“It ended up being an amalgamation of the R&B and string quartet records, and was what I had left in my heart at the time,” she says of what became The Well. “Now it’s called Americana.”
Her eighth studio album, The Well brought together Bramhall’s Texas roots and Warnes’ Los Angeles studio background—within the context of her having lived in Austin in the early ‘80s. The album’s titletrack, co-written by Warnes and Bramhall’s son Doyle Bramhall II, came from visiting Jacob’s Well in central Texas–a natural spring that inspired Warnes to meditate on life’s mystery, beauty and challenges.
“It’s something in-between Austin and L.A., using some of my favorite songwriters,” she says. “I hope people get to hear it this time, because it doesn’t exist anywhere else. No one heard it before because of the deconstruction of the music business, which affected me and a thousand other artists who have masters languishing in the vaults—if they haven’t burned down!”
But the re-release of The Well also marks a time of renewed recording activity for Warnes, who has guested on other artists’ albums since its initial release. A big fan, BMG CEO Hartwig Masuch flew in from Berlin to sign her.
“My fans keep asking for new material,” she told him. “I can’t keep reissuing Famous Blue Raincoat!”
But since The Well had never been released in Europe, it’s come out now ahead of a new album she’s working on for release by BMG International later this year.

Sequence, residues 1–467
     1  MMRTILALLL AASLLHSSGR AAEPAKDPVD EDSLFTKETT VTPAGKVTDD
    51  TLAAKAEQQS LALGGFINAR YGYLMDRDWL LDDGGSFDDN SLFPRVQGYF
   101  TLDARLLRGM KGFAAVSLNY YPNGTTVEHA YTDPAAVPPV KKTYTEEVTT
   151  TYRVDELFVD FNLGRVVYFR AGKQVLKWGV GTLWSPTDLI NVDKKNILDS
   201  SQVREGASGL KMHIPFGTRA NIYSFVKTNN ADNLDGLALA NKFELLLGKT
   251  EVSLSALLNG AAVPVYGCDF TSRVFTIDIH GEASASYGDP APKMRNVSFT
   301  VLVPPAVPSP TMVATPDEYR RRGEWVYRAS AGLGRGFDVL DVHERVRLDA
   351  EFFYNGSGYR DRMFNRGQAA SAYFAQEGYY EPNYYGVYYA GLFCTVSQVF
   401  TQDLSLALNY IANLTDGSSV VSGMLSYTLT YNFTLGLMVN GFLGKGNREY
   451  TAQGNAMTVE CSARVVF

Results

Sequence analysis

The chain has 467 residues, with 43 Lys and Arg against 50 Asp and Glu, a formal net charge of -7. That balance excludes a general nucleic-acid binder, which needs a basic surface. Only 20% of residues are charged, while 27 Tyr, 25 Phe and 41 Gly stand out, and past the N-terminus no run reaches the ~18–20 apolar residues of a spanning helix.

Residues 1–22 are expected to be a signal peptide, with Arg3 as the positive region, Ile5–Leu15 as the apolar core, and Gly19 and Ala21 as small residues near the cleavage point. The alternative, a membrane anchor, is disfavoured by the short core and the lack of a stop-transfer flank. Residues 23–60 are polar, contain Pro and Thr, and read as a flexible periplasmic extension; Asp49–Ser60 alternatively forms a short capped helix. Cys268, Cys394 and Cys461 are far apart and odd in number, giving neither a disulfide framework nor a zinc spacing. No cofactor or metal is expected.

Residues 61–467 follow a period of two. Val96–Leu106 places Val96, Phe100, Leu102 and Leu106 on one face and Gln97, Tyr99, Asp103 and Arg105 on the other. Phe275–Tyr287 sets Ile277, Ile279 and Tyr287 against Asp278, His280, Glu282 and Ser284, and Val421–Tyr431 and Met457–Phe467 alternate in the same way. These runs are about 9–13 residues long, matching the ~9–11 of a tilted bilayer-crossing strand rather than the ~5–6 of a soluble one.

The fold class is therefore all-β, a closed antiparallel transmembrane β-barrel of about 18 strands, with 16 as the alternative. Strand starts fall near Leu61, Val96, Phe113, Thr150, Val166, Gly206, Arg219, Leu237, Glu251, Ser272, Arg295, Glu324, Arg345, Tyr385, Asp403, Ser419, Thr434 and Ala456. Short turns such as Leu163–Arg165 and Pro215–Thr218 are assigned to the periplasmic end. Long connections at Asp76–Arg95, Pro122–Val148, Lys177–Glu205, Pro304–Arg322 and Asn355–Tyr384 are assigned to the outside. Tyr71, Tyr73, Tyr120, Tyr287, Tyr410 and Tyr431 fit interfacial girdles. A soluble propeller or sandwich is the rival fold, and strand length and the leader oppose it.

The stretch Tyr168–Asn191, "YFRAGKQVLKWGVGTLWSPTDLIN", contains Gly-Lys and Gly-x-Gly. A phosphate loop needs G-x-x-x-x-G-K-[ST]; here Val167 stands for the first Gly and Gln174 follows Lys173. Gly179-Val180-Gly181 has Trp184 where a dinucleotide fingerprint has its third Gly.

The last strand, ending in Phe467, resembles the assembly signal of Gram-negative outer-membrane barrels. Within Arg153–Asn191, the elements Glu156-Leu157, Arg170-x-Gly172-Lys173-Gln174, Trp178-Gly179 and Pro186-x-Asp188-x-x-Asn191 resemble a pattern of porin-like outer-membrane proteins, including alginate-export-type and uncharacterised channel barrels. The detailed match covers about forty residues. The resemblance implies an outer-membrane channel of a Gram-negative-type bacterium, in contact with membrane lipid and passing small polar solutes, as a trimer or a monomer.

“Everything’s under budget, and I’m delivering beautiful music with the potential to say something to the industry: I’m still here. This is what I do for a living, and no matter what happens, if a person has a path to follow, that’s the path.”
She’s reteamed with her Famous Blue Raincoat co-producer Roscoe Beck.
“We really know how to do this, though we haven’t done it together in 30 years!” she says, then turns contemplative.
“My generation of artists has been hit pretty hard,” she notes. “For those of us who survive, there’s an urgency to keep on going. Look around at all our peers who have passed like Joe Cocker and just last week, Steve Young. I lost my dear wonderful, beautiful manager Linda Komorsky Liker in 2014, and two of my sisters died 17 days apart the year before. The antidote to the horribleness, if you know how to be a beautiful, decent, good and capable professional, is for God’s sakes, do it–and do it on a pedestal so that young people can see you! Write a sentence, paint a beautiful painting, cook a beautiful meal–it must be done. The most revolutionary thing you can do is persist in doing things well.”
“There’s a beauty to this time of life,” she adds, “a secret to this time of life. The worst thing our generation can do is stop talking about it.”
But “the truth is,” she concludes, “a bunch of us are pushing forward becuase we were meant to do this—and we really don’t need a cultural movement to believe in ourselves.”
To this end, she sang with Leonard Cohen in December for his recording project, and is working on her own book project.
“I have a wall full of journals that I’ve kept all these years,” she says.